Companies are making moves during COVID that provide a glimpse at what the future of work may look like. What we’re observing is that the decision to return to the office is not binary.
The terms that job seekers value in employment offers has changed dramatically in 2020. Learn what top talent cares about now compared to pre-COVID. Hint: Office perks are not high on the list.
recruitAbility VP of Operations Richard Fusco shares the many lessons that he’s learned in archery that he has applied to his career in the recruiting industry.
The competition for each available job is incredibly high right now. Learn one way to stand out from other applicants, according to our recruiting manager Scott Beardsley.
When there’s economic uncertainty, people tend to become more risk averse. This leads to less job movement. But there are plenty of reasons why it makes sense to keep your mind open to new opportunities even in times like these.
We want to recognize the other winners of Austin Business Journal’s 2020 Best Places To Work competition. We’re honored and humbled to be joined by such a distinguished and innovative group of companies.
The Austin Business Journal recently announced its annual list of the Best Places to Work in Austin, and recruitAbility ranks No. 1 overall in the micro category.
On this episode of recruitAbility’s “Nothing’s Sacred” podcast, we speak to El Arroyo owner Ellis Winstanley, a serial entrepreneur who is now getting into the hand sanitizer business.
There are already early signs of an economic rebound despite the unemployment report from April. Just don’t expect that we will return to the same jobs market as before, and we don’t mean simply because of the volume of jobs available.
A UT alum, Richard Fusco is our VP of Operations. In his spare time, he practices archery and loves seeing live music. In our Q&A, he shares advice for companies and discusses his time mentoring in the Prison Entrepreneurship Program.
Lisa Thompson is a technical recruiting manager at recruitAbility. She’s a Texas A&M alumna who specializes in IT and software recruiting. Outside of work, she enjoys long walks with her kids and dog.
Lia Hext is a senior technical recruiter at recruitAbility, and she studied HR and Spanish at the University of Houston. She is a big-time extrovert, and she shares some excellent advice for candidates who are negotiating job offers.
Our next employee spotlight is with Sharmaine Eugenio, senior technical recruiter at recruitAbility. Sharmaine is a UT grad originally from Northern California, and she’s already traveled to 33 countries.
On this episode of recruitAbility’s “Nothing’s Sacred” podcast, we argue that how companies approach selling should change in this environment, citing examples from our own businesses and many others.
We’re kicking off our employee spotlight series with Scott Beardsley, recruiting manager at recruitAbility. Scott joined the company in April 2019 and has spent more than 30 years in the recruiting industry. He’s worked across all job sectors, but his specialty is tech jobs.
We’ve aggregated some helpful links for people to navigate the current quarantine. Check out resources for businesses, parents who are home-schooling kids, people who want to learn new skills, and more.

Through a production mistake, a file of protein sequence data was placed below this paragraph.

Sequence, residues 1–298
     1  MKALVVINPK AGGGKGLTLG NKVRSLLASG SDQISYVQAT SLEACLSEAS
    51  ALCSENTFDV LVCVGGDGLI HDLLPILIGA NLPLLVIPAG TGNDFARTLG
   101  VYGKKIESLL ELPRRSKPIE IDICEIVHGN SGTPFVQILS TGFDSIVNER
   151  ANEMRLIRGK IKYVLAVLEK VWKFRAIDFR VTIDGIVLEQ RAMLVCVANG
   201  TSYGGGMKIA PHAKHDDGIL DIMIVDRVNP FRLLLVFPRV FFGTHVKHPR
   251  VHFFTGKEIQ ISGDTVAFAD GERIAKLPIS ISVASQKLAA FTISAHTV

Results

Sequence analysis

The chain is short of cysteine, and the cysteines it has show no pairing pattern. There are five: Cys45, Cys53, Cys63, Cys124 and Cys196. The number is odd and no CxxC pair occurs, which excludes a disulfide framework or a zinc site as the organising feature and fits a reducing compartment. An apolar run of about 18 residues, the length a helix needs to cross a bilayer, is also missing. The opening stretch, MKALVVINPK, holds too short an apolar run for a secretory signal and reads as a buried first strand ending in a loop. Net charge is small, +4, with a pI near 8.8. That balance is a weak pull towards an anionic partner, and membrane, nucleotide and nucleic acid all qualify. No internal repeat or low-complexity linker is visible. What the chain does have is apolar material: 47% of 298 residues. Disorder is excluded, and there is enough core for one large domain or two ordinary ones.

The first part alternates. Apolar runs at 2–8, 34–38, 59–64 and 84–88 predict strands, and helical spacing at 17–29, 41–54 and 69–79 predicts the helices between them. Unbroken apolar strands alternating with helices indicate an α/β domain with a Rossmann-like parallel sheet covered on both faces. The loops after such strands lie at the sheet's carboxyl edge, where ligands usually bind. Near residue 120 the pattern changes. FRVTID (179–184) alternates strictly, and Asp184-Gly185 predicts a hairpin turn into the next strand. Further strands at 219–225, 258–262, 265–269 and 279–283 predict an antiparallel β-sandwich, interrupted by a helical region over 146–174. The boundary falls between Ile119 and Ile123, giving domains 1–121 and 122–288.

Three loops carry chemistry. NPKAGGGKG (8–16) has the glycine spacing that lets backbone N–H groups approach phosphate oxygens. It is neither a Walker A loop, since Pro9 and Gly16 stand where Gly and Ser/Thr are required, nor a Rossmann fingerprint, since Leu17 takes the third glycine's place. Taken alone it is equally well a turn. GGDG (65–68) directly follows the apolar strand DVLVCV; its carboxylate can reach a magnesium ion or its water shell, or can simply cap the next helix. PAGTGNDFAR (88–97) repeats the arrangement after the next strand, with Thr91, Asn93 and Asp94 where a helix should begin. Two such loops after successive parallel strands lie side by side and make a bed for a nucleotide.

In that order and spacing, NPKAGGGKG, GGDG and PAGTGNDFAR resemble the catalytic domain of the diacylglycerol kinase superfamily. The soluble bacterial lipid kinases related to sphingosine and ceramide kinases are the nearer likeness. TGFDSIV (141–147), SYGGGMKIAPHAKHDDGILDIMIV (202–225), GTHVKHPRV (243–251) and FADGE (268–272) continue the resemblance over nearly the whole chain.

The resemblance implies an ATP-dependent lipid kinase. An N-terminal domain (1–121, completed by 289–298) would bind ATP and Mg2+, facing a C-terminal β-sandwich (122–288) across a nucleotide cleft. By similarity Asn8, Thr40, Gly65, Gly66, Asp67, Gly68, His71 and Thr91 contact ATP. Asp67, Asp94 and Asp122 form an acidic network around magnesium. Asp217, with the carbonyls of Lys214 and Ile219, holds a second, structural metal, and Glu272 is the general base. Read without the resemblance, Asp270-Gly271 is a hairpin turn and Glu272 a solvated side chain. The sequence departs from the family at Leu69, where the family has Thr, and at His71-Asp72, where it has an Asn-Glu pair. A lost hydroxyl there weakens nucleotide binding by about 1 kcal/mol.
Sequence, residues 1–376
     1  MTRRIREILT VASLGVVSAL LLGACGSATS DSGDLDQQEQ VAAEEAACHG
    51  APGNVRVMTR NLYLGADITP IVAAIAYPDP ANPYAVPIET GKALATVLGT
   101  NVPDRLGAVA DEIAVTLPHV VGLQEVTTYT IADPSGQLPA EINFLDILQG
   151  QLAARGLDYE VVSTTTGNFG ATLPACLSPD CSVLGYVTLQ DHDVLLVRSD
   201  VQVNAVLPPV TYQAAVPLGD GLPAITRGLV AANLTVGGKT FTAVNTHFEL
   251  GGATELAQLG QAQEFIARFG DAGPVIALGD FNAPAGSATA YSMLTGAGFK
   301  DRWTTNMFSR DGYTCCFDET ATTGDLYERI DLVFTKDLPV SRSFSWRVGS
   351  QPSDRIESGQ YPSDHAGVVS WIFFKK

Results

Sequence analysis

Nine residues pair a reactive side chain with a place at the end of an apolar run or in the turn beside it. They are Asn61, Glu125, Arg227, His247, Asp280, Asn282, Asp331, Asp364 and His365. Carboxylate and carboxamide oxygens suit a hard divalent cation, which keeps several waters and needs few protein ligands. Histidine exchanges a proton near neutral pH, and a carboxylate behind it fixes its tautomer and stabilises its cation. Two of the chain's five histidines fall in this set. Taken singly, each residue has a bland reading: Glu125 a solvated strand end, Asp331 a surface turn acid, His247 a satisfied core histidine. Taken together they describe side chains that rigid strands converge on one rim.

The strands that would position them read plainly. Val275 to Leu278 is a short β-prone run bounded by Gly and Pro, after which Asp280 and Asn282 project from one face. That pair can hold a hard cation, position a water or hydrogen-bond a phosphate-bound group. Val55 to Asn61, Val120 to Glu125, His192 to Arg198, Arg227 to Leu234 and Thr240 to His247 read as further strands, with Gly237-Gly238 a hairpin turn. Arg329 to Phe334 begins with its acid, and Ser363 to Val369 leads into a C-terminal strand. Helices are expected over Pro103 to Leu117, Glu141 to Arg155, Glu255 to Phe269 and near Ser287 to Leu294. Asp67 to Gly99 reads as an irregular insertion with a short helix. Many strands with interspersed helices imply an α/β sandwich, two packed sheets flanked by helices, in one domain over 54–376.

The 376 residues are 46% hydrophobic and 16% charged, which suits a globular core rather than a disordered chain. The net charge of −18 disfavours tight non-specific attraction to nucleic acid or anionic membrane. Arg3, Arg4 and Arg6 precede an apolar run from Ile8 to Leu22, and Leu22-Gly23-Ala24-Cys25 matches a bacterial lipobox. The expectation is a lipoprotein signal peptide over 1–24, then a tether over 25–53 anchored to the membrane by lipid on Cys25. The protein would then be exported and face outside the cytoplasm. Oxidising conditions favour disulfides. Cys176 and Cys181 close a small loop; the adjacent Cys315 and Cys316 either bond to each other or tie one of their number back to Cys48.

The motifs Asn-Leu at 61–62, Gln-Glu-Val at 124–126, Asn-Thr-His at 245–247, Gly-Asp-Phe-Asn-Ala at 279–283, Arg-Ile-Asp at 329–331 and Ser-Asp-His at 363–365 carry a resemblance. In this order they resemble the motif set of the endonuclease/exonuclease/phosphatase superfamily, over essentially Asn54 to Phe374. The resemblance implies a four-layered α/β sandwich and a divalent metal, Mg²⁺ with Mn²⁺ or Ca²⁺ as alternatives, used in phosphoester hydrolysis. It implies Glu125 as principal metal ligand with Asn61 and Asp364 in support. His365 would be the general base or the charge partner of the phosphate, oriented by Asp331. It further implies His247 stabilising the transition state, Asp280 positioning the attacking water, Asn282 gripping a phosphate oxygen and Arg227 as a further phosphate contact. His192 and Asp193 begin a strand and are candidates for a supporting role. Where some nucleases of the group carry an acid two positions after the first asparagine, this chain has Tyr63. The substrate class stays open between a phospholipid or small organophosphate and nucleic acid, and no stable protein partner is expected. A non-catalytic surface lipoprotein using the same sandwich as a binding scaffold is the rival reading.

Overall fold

We’re excited to announce the debut of recruitAbility’s podcast, “Nothing’s Sacred,” where we discuss business innovations and trends that are transforming the way companies approach recruiting, onboarding, employee retention, employee engagement, and more.
During this economic downturn, fight the urge to get sucked into a negative thought spiral. Here are some resources to help you navigate these unprecedented times.
Chances are that your current work situation is unusual, and it’s OK to acknowledge that. Working from home with your kids when your options for leaving the house are limited is disruptive. Don’t beat yourself up if your at-home work routine is not yet a well-oiled machine.
There’s no clearer sign of a talent shortage than when college graduates with computer science degrees and little to no work experience are receiving offer letters with six-figure salaries. This is precisely what we’re seeing right now in the fields of data science, artificial intelligence, and cyber security.
This past July our VP Operations, Richard Fusco, led a group of University of Texas – McCombs School of Business MBAs on a service trip to the community of Palencia in Guatemala, the same community he visited last year. The trip was run by an organization Richard is a founding member of called Building Bridges…
A good friend was recently at a conference and she came across some stats about B2B selling that I thought to be completely fascinating. Here they are: there are on average 10 people involved in a B2B buying decision and 80% of people never respond to cold outreach. Most people don’t answer the phone if…
Land that job interview within 8 seconds or you drop to the bottom of the pile. It can feel extreme but – yes, 8 seconds is the average attention span of a person. Imagine this. You are excited. Your recruiter has already identified you for the job role. You interview with the recruiter, share your…
I recently heard a therapist speak to a men’s group I’m a part of, she specializes in counseling men as they go through life trying to be good husbands and fathers. She noted that men are four times more likely to commit suicide than females, primarily because we’re taught at a young age to compartmentalize…
There is a new trend in the workforce that has my colleagues and I going in circles. Is asking a candidate’s current salary now taboo? In Austin, Texas there are no rules regulating these conversations, but in many states and cities around the country this question is outlawed. The question, “What is your current salary?”…
If you live in Austin, chances are that you’ve met a recruiter at every happy hour or networking event that you’ve attended. Maybe it’s the millennial in me but being able to classify going to happy hours as “work” sounded like a dream. Not to mention, recruiters make their living by meeting new people and…